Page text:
"A year or two after we launched, the frozen kids meal [competitors] blasted us with prices half what we were selling for. By 1990-1991, we were almost completely out of money," said Joe D'Onofrio, chief financial officer of the Deerfield, Ill.-based company. "Kids were fickle; the market was fickle."
But he lays the biggest blame on retail slotting fees.
"We slipped into a few markets without it, but on the East and West coasts it took too much money to get in," he said.
A decade ago, some supermarket chains were demanding $30,000 to list a product, he said, noting that in some cases the fees would buy space for only six weeks before the products were cycled out.
"I don't know what [supermarkets] are charging now, and I don't care," he said.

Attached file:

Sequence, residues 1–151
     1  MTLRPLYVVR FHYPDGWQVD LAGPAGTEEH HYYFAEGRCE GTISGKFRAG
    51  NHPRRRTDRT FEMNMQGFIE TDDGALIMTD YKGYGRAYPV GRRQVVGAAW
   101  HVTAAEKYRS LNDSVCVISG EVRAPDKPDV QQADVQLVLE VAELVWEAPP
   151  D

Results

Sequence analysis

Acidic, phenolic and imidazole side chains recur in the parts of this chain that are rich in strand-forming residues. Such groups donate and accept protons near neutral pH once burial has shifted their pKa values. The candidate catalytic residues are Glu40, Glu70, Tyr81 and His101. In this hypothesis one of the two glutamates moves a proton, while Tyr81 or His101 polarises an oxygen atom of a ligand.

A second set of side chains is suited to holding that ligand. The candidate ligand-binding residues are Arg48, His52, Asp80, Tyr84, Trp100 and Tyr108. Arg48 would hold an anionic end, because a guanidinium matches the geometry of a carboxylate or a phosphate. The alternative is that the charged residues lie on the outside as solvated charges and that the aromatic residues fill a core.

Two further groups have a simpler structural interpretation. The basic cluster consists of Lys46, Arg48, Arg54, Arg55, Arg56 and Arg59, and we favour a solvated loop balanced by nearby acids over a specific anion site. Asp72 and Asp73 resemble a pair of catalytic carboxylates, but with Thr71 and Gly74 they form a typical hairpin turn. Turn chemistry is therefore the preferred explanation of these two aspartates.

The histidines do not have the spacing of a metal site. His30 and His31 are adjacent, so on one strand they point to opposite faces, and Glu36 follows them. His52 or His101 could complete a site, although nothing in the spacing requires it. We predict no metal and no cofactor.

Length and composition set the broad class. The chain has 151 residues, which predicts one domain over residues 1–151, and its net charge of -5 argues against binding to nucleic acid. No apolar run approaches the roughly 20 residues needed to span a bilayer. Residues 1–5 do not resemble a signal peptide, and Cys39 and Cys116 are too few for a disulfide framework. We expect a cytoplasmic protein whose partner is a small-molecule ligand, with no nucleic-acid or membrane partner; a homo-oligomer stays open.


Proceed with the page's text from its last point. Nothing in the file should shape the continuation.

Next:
My Own Meals has remade itself into a Kosher meal provider, aiming at one area of the supermarket where no slotting is charged.
The product, which has always been sold in military-style pouches, also is marketed to institutions such as nursing homes and schools, and sold online on Kosher food Internet sites.
"We created a different distribution to survive, and now we even make some good money out of it," Mr. D'Onofrio said.
As for Fran Lent, who contacted My Own Meals before launching her Fran's Healthy Helpings line, "My recommendation was that you better have a lot of money," Mr. D'Onofrio said. "It almost killed us several times. It's just through sheer